A 7-year-old, female neutered Greyhound was referred with a history of chronic lethargy, anorexia and vomiting.

The dog was rescued with no history of travelling abroad.

Physical examination revealed depressed mental status, body condition score 5/9, temperature 39.3°C and pain on abdominal palpation.

Haematology showed mild mature neutrophilia (12806 μL) and lymphopenia (192 μL).

The blood smear was unremarkable.

The only biochemical abnormality was mildly increased ALP. cPLI was increased (462 μg/l).

Coagulation profile and electrolytes were within normal limits. Urine and sediment analysis were normal and urine culture was negative.

Abdominal ultrasound and thoracic radiographs were unremarkable.

The patient was hospitalized with i/v Hartmann’s solution fluid therapy, buprenorphine, maropitant, omeprazole, amoxicillin-clavulanate and starvation for 24 hours.

Clinical examination on the second day of hospital care showed a complete remission of clinical signs.

On the third day her condition deteriorated, showing anorexia, mental depression, pyrexia and pain on manipulation of the neck.

Haematology was repeated and revealed a mature neutrophilia (28000/μL).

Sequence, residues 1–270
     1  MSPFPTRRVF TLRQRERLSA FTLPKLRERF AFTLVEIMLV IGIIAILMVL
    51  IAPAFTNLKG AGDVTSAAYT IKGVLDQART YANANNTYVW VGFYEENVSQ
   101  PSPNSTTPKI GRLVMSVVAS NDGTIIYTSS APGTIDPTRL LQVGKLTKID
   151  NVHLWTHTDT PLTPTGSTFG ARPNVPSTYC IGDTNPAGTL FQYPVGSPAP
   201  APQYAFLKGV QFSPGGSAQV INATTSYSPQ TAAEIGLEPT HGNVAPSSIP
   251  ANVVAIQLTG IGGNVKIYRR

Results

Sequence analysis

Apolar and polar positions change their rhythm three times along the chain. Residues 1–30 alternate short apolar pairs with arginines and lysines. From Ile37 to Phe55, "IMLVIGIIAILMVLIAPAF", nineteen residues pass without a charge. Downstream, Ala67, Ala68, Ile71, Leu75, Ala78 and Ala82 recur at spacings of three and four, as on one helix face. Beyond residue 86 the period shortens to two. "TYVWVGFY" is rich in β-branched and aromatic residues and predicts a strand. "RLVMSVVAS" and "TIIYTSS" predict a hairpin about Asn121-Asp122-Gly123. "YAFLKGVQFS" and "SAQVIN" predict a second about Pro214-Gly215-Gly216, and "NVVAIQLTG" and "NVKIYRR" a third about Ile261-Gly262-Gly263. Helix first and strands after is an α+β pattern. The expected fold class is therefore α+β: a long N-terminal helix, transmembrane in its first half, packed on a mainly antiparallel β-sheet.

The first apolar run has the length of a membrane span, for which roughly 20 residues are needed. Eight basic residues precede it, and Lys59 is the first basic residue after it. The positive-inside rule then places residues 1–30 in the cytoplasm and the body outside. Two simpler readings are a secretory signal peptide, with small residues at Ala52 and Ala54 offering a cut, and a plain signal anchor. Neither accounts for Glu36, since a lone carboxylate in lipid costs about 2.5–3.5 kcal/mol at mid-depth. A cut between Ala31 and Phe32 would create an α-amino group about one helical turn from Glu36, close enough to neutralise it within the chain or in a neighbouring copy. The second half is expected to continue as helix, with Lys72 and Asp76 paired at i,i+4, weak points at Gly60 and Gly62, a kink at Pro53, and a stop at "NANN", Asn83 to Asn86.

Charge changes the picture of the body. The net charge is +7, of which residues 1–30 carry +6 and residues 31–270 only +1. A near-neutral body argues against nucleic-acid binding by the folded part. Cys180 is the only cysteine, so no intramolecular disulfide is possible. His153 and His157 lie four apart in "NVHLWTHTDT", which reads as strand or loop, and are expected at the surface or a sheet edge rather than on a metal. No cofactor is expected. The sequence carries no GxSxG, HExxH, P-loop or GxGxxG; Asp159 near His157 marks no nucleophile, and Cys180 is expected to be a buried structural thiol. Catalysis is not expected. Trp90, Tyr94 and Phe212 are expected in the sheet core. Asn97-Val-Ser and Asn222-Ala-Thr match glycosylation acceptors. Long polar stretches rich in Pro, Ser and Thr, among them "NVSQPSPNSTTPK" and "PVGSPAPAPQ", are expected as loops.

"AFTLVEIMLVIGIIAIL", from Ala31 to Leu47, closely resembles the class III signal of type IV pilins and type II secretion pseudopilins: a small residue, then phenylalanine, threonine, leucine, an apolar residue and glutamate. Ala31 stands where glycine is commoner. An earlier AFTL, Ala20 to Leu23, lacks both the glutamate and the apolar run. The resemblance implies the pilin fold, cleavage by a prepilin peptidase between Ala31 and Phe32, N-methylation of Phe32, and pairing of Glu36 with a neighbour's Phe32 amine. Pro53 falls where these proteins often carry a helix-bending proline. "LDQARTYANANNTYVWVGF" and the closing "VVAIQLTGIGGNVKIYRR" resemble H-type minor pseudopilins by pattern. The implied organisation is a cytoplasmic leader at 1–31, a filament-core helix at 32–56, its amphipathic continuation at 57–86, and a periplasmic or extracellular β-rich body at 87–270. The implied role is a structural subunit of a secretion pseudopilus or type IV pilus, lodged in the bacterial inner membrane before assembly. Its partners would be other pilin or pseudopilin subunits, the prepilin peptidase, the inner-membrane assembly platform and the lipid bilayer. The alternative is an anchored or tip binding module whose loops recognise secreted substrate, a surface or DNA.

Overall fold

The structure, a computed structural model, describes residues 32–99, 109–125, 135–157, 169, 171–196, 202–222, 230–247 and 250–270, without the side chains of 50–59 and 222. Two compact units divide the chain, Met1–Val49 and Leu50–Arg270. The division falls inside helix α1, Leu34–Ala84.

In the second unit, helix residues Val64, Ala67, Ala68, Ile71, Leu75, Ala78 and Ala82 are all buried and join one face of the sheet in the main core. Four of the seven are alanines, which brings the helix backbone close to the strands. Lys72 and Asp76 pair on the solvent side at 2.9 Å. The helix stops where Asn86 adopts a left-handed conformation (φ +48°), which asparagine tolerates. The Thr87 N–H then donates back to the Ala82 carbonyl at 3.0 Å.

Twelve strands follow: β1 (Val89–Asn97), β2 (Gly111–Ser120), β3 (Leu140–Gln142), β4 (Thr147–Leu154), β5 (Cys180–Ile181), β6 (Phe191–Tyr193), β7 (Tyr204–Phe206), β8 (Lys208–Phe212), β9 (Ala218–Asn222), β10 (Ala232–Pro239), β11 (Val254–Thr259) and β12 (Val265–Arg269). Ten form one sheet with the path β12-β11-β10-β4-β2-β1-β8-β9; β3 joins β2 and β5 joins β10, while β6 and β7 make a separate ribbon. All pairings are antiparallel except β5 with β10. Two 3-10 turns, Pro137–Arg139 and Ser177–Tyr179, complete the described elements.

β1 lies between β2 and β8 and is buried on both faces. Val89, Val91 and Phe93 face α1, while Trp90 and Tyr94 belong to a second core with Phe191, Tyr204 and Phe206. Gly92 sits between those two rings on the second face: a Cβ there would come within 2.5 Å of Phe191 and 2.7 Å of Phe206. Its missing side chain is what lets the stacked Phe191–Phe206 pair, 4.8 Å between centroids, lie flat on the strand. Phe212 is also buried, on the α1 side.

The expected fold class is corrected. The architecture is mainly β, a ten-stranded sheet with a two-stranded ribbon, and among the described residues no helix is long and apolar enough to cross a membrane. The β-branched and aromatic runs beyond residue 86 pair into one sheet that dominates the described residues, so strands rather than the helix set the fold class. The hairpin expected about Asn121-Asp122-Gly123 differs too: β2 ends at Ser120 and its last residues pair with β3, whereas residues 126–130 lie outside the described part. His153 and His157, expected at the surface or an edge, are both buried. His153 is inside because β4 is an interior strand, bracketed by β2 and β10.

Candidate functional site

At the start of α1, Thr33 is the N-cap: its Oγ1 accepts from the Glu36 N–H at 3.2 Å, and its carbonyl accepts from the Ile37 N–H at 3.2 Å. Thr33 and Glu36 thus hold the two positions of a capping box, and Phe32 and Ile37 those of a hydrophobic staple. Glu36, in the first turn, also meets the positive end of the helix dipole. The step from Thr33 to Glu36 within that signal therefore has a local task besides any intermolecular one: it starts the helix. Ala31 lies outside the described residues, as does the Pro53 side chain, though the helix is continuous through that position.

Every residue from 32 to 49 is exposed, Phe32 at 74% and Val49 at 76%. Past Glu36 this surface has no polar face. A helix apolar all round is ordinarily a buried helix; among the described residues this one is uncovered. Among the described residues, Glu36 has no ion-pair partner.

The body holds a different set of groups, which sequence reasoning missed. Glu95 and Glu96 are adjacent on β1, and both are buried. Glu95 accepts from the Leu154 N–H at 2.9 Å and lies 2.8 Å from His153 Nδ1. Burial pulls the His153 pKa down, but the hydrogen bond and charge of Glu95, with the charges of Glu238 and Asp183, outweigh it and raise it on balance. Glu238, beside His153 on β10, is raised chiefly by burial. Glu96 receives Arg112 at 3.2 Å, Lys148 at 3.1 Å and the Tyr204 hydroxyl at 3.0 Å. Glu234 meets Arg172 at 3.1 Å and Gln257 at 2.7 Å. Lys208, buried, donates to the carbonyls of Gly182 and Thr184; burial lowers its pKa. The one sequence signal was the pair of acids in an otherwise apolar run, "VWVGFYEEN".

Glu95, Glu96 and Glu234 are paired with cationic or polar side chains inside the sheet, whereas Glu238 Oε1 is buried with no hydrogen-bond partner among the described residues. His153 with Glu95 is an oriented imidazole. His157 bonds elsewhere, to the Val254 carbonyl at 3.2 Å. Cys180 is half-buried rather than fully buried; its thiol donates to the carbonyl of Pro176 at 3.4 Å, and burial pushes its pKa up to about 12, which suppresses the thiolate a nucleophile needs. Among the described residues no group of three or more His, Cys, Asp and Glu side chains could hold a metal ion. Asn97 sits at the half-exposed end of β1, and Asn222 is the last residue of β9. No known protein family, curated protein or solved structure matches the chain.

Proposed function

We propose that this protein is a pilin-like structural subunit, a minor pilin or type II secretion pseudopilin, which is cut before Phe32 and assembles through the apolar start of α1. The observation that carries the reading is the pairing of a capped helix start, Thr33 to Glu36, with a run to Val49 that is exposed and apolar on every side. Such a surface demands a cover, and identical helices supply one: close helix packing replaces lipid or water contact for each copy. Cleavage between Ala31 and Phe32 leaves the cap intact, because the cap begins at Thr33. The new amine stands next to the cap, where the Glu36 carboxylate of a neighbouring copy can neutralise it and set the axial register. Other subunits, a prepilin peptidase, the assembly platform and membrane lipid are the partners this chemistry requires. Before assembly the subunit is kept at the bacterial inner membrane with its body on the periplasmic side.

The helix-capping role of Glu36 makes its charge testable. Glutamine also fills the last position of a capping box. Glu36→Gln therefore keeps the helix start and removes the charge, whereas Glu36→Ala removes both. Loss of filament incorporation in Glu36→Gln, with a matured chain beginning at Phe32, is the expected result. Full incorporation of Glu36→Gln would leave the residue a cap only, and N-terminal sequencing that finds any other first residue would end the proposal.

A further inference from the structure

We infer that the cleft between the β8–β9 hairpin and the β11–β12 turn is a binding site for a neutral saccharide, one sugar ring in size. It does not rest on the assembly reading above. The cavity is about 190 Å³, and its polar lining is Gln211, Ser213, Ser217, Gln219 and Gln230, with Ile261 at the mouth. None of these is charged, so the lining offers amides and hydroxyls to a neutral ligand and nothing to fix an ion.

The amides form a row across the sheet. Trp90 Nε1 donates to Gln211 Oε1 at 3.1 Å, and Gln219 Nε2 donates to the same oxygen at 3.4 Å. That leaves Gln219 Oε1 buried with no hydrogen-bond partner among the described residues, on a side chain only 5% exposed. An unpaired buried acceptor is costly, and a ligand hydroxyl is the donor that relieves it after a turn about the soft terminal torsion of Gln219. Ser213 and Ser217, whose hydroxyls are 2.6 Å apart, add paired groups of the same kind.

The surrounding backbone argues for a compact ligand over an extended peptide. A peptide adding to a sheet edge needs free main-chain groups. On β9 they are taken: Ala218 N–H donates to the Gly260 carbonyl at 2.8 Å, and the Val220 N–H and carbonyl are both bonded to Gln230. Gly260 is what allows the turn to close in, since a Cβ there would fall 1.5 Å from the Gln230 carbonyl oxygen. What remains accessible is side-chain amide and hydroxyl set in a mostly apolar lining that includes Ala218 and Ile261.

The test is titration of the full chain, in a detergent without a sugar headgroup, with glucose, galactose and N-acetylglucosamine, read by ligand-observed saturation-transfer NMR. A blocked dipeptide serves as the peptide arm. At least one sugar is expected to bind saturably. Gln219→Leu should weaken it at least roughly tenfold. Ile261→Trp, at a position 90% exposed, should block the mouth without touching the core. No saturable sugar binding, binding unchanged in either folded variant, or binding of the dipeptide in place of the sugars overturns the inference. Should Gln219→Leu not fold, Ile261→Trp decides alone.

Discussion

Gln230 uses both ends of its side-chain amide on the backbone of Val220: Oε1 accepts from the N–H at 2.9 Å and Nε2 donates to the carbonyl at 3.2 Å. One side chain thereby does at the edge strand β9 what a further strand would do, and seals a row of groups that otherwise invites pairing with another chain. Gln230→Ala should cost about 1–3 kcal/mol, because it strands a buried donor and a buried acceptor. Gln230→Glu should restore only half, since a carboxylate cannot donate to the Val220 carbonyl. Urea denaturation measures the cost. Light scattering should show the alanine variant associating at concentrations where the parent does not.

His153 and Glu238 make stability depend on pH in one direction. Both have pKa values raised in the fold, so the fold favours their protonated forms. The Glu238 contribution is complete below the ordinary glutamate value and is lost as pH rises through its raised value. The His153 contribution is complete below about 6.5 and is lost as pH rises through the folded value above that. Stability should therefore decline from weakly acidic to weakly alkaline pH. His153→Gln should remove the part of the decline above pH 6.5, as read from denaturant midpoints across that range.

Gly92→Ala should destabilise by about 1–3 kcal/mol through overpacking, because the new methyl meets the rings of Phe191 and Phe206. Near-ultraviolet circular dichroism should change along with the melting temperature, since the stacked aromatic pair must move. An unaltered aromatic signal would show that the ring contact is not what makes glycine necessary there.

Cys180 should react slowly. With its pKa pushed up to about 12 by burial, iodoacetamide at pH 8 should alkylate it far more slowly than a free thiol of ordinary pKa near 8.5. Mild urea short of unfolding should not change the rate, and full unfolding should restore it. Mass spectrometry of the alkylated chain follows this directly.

Cerebrospinal fluid (CSF) and synovial fluid (bilateral carpi, elbows and stifles) were collected. Joint fluid cytology revealed high cellularity with predominance (95%) of non-degenerate neutrophils and CSF cytology showed a mild amount of red blood cells with occasional lymphocytes and monocytes.

The results for Toxoplasma and Neospora serology were negative, Borrelia serology was positive, Anaplasma and Borrelia PCR of the synovial fluid were negative, antinuclear antibody titer (ANA test) was not identified. Therefore, therapy with glucocorticosteroid (2 mg/Kg once a day) and doxycyline (10 mg/Kg once a day) was started.

After 48 hours all the clinical signs improved and the patient was discharged.

Image of one of the rooms at Vets Now in Manchester
Inside Vets Now emergency and specialty hospital in Manchester

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Type II (reactive) is described as the result of an infectious or inflammatory disease distant from the joints and is reported in about 13-25% of idiopathic IMPA.

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Up to 28% of dogs exposed to ticks in the UK have a positive antibody-type to B.burgdorferi, but a recent study has proposed a higher prevalence.

Although high levels of serum anti-Borrelia antibodies are not diagnostic for canine Lyme disease, in our case the association with the clinical signs and synovial fluid cytology helped to confirm the diagnosis.

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